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Yet another rotary phase converter question

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  • Yet another rotary phase converter question

    Is it absolutely necessary to hard wire a phase converter to the building? I've been talking with a colleague about the phase converter for the mill I bought (he knows about electrical things and I don't) and he checked with the building inspector for the city and suddenly there's all this talk of building permits being needed to do the work. I told him I really just wanted to be able to plug it in to an existing outlet so I could still have that outlet available for my air compressor as well, so I don't understand why I'd need a building permit. This is really turning into a circus. I just want to be able to use my mill. What do you guys think?
    Stuart de Haro

  • #2
    The only reason I can think of wanting to hard wire one is that they get a chance to cool down after use. The fan on mine will run when powered off until cool.


    • #3
      In my hood the building inspector has been told he will get shot if he comes around, we do what the hell we want.

      oh yea FREEDOM!


      • #4
        The best policy is to wire in a dryer outlet, or upgrade one to the newer 4 wire. Just keep quiet and do it, it is minimally visible.

        Then PLUG THE CONVERTER IN. if you want to be a stickler, don't fasten ANY of it to the building in any way.

        As a plug-in appliance, the inspector can't say anything about it.

        You may already have screwed the pooch by asking questions.

        Keep eye on ball.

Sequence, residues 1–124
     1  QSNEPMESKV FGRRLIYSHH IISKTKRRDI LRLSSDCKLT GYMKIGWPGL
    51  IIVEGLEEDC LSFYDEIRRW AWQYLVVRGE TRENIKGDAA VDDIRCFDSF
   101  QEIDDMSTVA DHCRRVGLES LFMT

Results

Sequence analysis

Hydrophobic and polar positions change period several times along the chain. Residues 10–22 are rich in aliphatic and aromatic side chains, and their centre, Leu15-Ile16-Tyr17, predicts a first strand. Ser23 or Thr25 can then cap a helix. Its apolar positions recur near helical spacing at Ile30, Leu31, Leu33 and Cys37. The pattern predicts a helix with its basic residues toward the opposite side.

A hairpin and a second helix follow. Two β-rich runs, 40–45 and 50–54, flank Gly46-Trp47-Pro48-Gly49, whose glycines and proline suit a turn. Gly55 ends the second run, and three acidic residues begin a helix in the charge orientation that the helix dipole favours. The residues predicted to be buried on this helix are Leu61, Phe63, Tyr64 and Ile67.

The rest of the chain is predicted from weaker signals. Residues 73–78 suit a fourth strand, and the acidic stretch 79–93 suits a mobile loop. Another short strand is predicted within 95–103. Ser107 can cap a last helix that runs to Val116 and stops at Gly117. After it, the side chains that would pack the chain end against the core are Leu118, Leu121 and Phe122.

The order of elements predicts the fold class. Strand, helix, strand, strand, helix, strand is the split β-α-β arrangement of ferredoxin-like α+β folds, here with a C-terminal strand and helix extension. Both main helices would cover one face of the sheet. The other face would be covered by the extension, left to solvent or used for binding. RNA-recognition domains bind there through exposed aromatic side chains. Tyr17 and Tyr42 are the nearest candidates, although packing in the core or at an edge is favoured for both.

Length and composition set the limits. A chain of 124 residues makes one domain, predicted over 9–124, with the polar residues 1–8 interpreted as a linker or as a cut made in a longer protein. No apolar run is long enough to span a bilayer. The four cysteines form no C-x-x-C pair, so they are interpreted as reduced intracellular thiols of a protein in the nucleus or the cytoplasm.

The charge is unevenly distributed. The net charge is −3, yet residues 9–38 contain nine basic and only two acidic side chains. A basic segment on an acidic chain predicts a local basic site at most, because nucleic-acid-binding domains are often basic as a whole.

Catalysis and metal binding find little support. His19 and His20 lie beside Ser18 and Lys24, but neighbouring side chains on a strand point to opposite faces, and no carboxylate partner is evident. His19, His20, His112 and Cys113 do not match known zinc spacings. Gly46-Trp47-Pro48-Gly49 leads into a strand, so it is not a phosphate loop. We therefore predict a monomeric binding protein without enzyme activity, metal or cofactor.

Hashim Khan


        • #5
          How big is the mill motor ?
          You can buy a VFD (variable Frequency Drives) that plugs into a 120 V wall outlet and will run a 3 phase 240 volt motor.
          Check out this
          dealers Electric
          Very reputable guy

          not sure of your Local code there in Urbana, but usually when inspectors hear"'3 phase" they think of hard wire applications.
          You should be able to do it without, if you plan the job right



          • #6
            i live in a rural county and regulations are pretty lax for a property owner doing his own work. my rpc(1) plugs into the wall and my machines(2) plug into it one at a time. an electrician buddy,a master, said i could pretty much do what i want but he, being a license holder, would have to do it by the book. if you must have an electrician wire in a plug for your wifes new clothes dryer out in your shop,just call her crazy and do it.


            • #7
              Mine's plugged in and works fine
              Under construction - MGB roadster widened 11.5" with Corvette C-4 suspension front and rear, 440 hp LT1 V8 with a T-56 6 speed.

              Lots of pictures here
              Part 1,7581
              Part 2,22422


              • #8
                Originally posted by J Tiers
                You may already have screwed the pooch by asking questions.
                Believe me, I didn't think for a minute that the building inspector would ever be a part of this deal. I just asked the head of the electronics department at the community college where I teach for help with it, as I am profoundly dumb when it comes to electricity. I really need to rectify that.
                Stuart de Haro


                • #9

                  J Tiers is exactly right. If you have a proper cord and plug on the RPC it is then considered "cord connected equipment" and it no longer falls under the inspectors purview. Now the outlet it plugs into does fall under the inspectors area, but if it is existing and large enough (amp rating and breaker size) to handle the load there is NO reason to even call the inspector. As for a RPC, to be legal and safe you only need a 3 prong outlet (2 hot 1 ground) unless the RPC requires 120 volts internally for something, then you would need the 4 prong type of outlet (2 hot 1 neutral 1 ground) assuming of course that this is a 220 volt RPC.

                  Happily working on my second million Gave up on the first